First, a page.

This is what an artist thinks Huygens looks like near Titan. This picture shows Cassini (top middle), Huygens (left side), Saturn (right side), and the moon Titan (lower left).
Click on image for full size
Image courtesy NASA.
Huygens probe on its way to Titan
News story originally written on December 30, 2004
NASA's Cassini spacecraft is in
orbit around the planet Saturn. Cassini carried
a landing probe, named Huygens, with it on its long
journey from Earth. On December
24, 2004, Cassini released the Huygens probe. Huygens will land on Saturn's largest
moon, Titan, on January 14, 2005.
The Huygens probe will take 2-1/2 hours to descend through Titan's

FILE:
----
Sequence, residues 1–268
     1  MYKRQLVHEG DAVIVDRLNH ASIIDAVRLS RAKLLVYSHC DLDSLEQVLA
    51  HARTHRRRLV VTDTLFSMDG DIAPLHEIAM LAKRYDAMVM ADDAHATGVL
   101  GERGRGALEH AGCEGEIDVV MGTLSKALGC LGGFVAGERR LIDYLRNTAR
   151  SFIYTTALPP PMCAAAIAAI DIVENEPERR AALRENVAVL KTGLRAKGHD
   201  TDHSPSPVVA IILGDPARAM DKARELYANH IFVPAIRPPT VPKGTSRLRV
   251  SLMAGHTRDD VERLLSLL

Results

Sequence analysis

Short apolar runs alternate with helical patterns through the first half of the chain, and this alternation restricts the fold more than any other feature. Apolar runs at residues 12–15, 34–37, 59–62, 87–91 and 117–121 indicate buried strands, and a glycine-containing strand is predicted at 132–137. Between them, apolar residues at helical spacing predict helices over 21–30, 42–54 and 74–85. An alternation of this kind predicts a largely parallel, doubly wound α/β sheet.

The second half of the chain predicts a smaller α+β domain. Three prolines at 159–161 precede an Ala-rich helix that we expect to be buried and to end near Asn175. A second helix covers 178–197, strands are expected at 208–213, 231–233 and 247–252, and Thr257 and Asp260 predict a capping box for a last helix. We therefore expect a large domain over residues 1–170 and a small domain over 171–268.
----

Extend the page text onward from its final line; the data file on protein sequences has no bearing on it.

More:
thick atmosphere on parachutes. It will make measurements of the moon's atmosphere as it descends.
Nobody knows what the surface
of Titan is like. It may be solid, or it might
have lakes or seas of liquid ethane or methane. It might even be covered by
a thick layer of methane snow. Huygens may land with a bump, a splash, or a
The probe was built by the European Space Agency. It is named after Christiaan
Huygens, a Dutch astronomer who lived in the 17th century. If it survives
the landing, the Huygens probe may send back data from the icy surface of Titan
for up to 30 minutes after it touches down. The Cassini spacecraft will continue
to orbit Saturn, studying its moons and rings, for at least four years. Let's
hope that Huygens has a safe landing and sends us good pictures of the surface
of a world that nobody has ever seen before!
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